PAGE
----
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Display Booth Marketing Strategies
By Darol Dickinson - reprinted from the Trails
A bright colored booth with materials, photos, a TV playing and a heavy stream of traffic is a positive opportunity to start new producers in the business.
Texas Longhorn display booth marketing is one of the great ways to develop new Longhorn producers. Let's look at booth strategies, and how to squeeze the system for the most it will yield. This is a check list of ideas for effective exhibiting. It doesn't just happen. Rather, it is the result of meticulous PREPARATION, PRESENTATION, and POST-SHOW FOLLOW-UP.
Nearly any location where a lot of rural type people attend an event will work. A booth is a "growing" method. It is a way to grow new producers, educate, personally meet and tease them about the excitement of starting their own Texas Longhorn herd.
Budget for a well planned event. It will require display space rental, electric connections, large color graphics, product displays, a power point or TV presentation, bright lights, a standing display back drop, colorful materials, volunteers, training, and lastly a follow-up plan.
Keep in mind this is a competition. While you are working to expand your cattle sales several other people will also be doing the same thing. Don't be surprised when the Angus booth right beside you may have a $30,000 budget and the most elaborate display that money can buy. With well thought out preparation you can compete and succeed no matter who is beside you.
Select an event that will have potential Texas Longhorn buyers. Locate a spot in the exposition area that has a good traffic pattern. You want to be near street entries, halls, doors, and traffic areas near food service, or known popular spots.
A unique display, different from the others will attract attention. Make the back drop as tall as possible-----the tallest display wins. Have very bright lights shining on your graphics--the brightest lights help grab the most attention.
Assume competitive displays will have professional graphics. Yours have to be as good or better. Take your best photos of your very best cattle.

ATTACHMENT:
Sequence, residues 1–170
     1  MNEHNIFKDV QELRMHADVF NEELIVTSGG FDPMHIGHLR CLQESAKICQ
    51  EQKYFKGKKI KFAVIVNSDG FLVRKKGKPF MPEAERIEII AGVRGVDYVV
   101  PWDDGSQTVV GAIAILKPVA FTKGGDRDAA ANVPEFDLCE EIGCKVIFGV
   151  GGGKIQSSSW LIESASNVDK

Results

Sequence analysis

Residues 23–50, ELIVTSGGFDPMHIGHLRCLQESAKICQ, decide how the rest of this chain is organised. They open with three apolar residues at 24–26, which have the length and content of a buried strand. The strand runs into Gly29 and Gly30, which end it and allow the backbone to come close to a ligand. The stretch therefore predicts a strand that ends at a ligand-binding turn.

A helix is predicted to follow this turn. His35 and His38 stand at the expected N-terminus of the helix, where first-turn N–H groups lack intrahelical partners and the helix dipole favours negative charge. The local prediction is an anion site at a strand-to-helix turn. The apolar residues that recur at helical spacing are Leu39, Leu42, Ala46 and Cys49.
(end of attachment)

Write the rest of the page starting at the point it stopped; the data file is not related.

Keep the display area neat and clean. Dispose of waste promptly, vacuum the floor daily, make sure handout materials are piled straight and orderly.
Prior to the event, design condensed, colorful, positive selling materials for handouts. An all purpose general information brochure is the very best. Do not, DO NOT place handouts near the quick fingers of children. They will grab a handful of colorful materials and be gone. Require visitors to enter the display area to acquire promotional materials. Provide materials compared to each person's interest and financial capabilities. Obviously good prospects should get the whole package, free promo DVD, post cards, brochures, etc. Others may only need a handshake, business card, and a pleasant sales pitch. Make the investment fit the potential.
If the display is sponsored by an affiliate or group of people, every display guest should receive a printed list of the names of all sponsors with their contact info.
Do not assume the booth visitors will ever contact anyone. They may say, "We will call later," but most won't. Get their names and addresses. Don't let them write down their addresses. Just because they can read their writing doesn't mean that you can. Record EVERY person who appears to be legitimate and a capable buyer. Only bother to record names of good prospects. Make notes about each person; ranch size, number of cattle owned, size of mobile home, etc. Guard these names and addresses; don't misplace the list of visitors. Take the list home every night. These are valuable names. Your success depends on harvesting these inquiries and what you do with them later.
If this is an association or group effort make sure every volunteer has written procedures on how to get to the display area, parking procedures, grounds entry passes, display open-for-business procedures, handout instructions, display lockup procedures, and detailed instructions on how to deal with the public.
The booth staff should consist of at least two people. Every one must have time for personal breaks. If it is a good show sometimes several sales conversations will be conducted at the same time. The number of booth staff needed will be determined by the traffic flow. Maybe more than two are needed.
Think of a display booth as a store. You are standing in the store window and all the people going by need a Longhorn herd. You may notice the crowd getting slightly numb, and their feet hurt after looking at hundreds of displays. At this point old fashioned carnival "hawking" will be the best tool. Be prepared with one line conversation starters; DO YOU RAISE TEXAS LONGHORNS? WHERE IS YOUR RANCH? HAVE YOU CONSIDERED PUTTING SOME FLASH IN YOUR PASTURE? Develop your own script that will work on the crowd. Never ask, "May I help you?" "Hello," "How are you?" It doesn't work. You always get a no answer.